But he hadn't been able to escape. He hadn't been able to drain himself of the self-destructive energy building and intensifying with him, with the latent force of a nuclear bomb. Hadn't been able to outrun his nightmare.
There was no pain in the world which could measure up to the pain of a broken heart.
And Shiv could fight it no longer. He gave in.
With a strangled cry, his forehead struck down on the desk, the shaking of the hands clasping it for dear life causing it to judder almost dangerously. The tendons of his neck stood out in sharp relief as yet another near-bestial, near-dying scream parted his lips and bounded into the interior of the room, bouncing around in this prison in desperate search for an escape-route.
He made no move to check the salty stream coursing from his eyes, meandering down the sides of his face, trailing over the bridge of his nose, snaking about his chin, dripping on his lap like used, worthless shavings of sharpened pencils.
For who was to see him now, nursing his broken heart and mourning his missing soul? There was no one here before whom the facade of indomitability had to be maintained. He was absolutely, utterly alone.
And so he cried, choking on cracked sobs, gasping for insufficient drags of air, letting the loss and the grief tear at him from within, letting all the explosive, unstable sorrow leak out only to be replenished yet again.
He cried for his loneliness, and for having no one to share it with.
He cried for his nightmare, which had started off as a beautiful, brilliant, wistful, wishful dream, only to morph into a projection of all his fears rolled into one.
He cried because he could no longer go to Anandi searching for unspoken solace and comfort. Cried because this time, he could not tell her what he had dreamed about.
He cried for Anandi, for the beastly ordeals she had gone through..
He cried for his grandfather, whom he had lost.
He cried for his father, for the pain of losing a parent, and for landing into this mess
But most of all he cried for himself.
For failing in protecting the one person who was his lifeline. .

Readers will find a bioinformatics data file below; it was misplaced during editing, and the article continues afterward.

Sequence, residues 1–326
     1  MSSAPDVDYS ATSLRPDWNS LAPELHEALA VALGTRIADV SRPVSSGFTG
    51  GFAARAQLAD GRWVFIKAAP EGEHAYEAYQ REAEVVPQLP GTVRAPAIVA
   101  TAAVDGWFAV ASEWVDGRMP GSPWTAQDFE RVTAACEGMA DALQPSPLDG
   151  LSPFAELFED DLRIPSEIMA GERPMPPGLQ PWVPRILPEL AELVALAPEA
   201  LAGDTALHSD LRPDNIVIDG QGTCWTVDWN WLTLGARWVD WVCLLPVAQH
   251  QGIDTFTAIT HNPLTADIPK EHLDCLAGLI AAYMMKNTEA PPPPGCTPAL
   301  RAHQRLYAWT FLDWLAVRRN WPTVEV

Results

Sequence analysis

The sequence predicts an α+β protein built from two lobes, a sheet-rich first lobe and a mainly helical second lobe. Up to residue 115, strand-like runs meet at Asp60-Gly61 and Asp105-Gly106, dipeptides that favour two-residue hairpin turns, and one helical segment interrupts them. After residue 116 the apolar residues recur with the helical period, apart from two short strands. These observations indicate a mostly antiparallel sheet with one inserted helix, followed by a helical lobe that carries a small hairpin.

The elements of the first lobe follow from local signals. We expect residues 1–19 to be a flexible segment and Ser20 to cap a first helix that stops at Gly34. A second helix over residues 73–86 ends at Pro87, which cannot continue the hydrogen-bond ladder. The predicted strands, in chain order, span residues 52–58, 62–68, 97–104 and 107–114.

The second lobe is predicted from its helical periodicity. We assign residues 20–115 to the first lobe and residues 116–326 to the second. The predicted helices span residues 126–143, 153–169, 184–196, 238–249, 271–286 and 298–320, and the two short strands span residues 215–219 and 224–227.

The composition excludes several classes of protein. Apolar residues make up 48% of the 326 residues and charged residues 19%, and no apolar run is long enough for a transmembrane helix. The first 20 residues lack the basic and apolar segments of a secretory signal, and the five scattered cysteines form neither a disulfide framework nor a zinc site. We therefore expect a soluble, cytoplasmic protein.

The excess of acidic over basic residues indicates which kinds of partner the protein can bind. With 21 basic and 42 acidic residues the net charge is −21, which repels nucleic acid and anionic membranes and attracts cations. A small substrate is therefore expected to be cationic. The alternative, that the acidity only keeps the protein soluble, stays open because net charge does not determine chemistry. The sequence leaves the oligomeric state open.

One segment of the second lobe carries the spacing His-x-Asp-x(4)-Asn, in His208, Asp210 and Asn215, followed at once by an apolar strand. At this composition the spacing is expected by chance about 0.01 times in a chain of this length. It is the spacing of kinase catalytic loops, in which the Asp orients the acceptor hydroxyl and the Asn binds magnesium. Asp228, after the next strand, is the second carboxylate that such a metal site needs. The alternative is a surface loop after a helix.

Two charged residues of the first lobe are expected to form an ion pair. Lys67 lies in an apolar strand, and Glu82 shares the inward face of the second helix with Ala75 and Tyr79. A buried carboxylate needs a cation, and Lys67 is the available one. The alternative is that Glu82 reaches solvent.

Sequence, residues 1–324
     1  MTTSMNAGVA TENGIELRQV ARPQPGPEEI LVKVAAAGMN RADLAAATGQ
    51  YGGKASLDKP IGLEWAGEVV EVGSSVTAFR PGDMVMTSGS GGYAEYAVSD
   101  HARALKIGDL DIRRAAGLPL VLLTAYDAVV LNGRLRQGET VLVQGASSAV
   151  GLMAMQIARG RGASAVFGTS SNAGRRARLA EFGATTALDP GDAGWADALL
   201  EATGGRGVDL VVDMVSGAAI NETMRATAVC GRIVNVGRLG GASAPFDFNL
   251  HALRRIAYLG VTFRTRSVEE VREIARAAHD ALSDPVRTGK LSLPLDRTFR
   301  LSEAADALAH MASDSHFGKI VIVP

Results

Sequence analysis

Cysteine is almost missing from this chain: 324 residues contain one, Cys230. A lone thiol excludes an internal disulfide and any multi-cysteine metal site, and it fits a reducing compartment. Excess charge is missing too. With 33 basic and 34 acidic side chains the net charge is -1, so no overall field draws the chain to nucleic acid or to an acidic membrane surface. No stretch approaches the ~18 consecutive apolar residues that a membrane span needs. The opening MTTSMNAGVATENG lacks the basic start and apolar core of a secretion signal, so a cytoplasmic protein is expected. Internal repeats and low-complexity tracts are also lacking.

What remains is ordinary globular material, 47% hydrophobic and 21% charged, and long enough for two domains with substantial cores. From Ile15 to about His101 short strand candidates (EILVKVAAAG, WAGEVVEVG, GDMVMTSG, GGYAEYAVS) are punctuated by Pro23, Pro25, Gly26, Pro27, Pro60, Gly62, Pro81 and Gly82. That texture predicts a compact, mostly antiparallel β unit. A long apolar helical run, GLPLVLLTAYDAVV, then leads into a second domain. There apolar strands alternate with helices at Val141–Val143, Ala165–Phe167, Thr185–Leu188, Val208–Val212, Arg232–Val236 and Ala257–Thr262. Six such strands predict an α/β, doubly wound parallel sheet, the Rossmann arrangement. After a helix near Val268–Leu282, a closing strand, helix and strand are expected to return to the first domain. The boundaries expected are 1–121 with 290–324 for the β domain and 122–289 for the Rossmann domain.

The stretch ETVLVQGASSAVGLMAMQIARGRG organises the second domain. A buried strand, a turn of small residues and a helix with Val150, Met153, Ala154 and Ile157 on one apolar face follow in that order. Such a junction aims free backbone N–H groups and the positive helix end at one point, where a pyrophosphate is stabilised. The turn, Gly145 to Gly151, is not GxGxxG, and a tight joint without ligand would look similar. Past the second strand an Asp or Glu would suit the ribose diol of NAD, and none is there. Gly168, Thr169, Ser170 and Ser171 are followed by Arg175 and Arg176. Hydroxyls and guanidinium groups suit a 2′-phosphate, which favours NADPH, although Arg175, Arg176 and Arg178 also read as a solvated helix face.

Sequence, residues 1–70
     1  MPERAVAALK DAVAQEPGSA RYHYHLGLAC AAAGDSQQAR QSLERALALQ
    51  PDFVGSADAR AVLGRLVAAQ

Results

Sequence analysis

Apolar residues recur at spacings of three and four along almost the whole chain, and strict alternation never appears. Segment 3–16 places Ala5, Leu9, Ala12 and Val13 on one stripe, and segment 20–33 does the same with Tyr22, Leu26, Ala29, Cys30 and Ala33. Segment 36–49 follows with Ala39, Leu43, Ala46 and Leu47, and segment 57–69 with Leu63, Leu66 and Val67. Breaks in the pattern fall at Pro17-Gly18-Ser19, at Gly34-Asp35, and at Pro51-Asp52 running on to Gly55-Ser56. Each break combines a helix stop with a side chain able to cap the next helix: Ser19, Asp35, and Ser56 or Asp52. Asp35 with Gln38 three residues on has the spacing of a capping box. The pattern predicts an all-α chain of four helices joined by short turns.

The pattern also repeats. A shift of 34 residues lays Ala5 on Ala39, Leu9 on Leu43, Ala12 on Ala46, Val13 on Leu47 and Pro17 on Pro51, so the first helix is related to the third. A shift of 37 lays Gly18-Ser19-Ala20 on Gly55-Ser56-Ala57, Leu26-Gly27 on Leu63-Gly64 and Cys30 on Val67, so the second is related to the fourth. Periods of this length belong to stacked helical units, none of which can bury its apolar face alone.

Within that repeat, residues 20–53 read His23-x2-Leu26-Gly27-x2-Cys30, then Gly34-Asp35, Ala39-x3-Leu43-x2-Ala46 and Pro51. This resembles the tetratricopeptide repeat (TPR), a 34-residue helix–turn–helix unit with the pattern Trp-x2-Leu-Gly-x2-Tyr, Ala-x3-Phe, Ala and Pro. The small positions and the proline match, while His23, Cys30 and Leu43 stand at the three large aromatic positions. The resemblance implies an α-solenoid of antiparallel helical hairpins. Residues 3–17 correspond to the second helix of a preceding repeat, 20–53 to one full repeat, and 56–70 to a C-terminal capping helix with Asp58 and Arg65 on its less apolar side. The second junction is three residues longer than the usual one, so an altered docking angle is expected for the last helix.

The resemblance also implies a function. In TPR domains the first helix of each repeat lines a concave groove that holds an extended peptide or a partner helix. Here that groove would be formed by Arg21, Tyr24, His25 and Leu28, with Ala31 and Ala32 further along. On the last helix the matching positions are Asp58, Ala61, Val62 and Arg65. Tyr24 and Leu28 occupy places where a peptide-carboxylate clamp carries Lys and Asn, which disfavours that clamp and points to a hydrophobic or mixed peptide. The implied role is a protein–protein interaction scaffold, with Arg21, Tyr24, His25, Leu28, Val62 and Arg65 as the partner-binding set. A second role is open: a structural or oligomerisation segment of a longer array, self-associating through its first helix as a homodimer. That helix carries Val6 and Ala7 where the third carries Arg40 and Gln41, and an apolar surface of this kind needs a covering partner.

Because it was not until he had chased after Anandi in the spectral world moulded by his subconscious, not until he had cannoned through the door behind which he had fully expected to find his grandfather's lifeless corpse, only to find Anandi's inert frame instead, that it had dawned on Shiv how very, very close he was to losing her.
His subconscious had soberly, sombrely comprehended the concept his conscious mind had refused to grapple with.
That monster would do anything to keep his Anandi away from him.
Jagya would convince her that she was the reason all this was happening.
Jagya would ask her to leave him
Shiv would never see her again.
Never touch her again. Never witness her smile or hear her laugh again.
'Never' was a frightening word.
It made a black-hole rip open in his horizon, sucking life and colour and laughter and anything and everything worth breathing for into non-existence. It left behind remorse which slit his lungs and leaked all the air out, and self-loathing which thrashed and flayed and tore at him from within, dismantling him from the inside out.
It was only after his shuddering, convulsing spasms had passed, and he had drained himself dry and there were no more tears left to carry off some of the darkness killing him slowly, that Shiv managed to take stock of his surroundings.
Life, and that debatable theory called fate, had a sadistic sense of humour.
Neither seemed content to let the perpetual torment punishing him for every second he lived slack off, to give him even some microscopic reprieve.
There was no other explanation for how he had wound up here, of all places.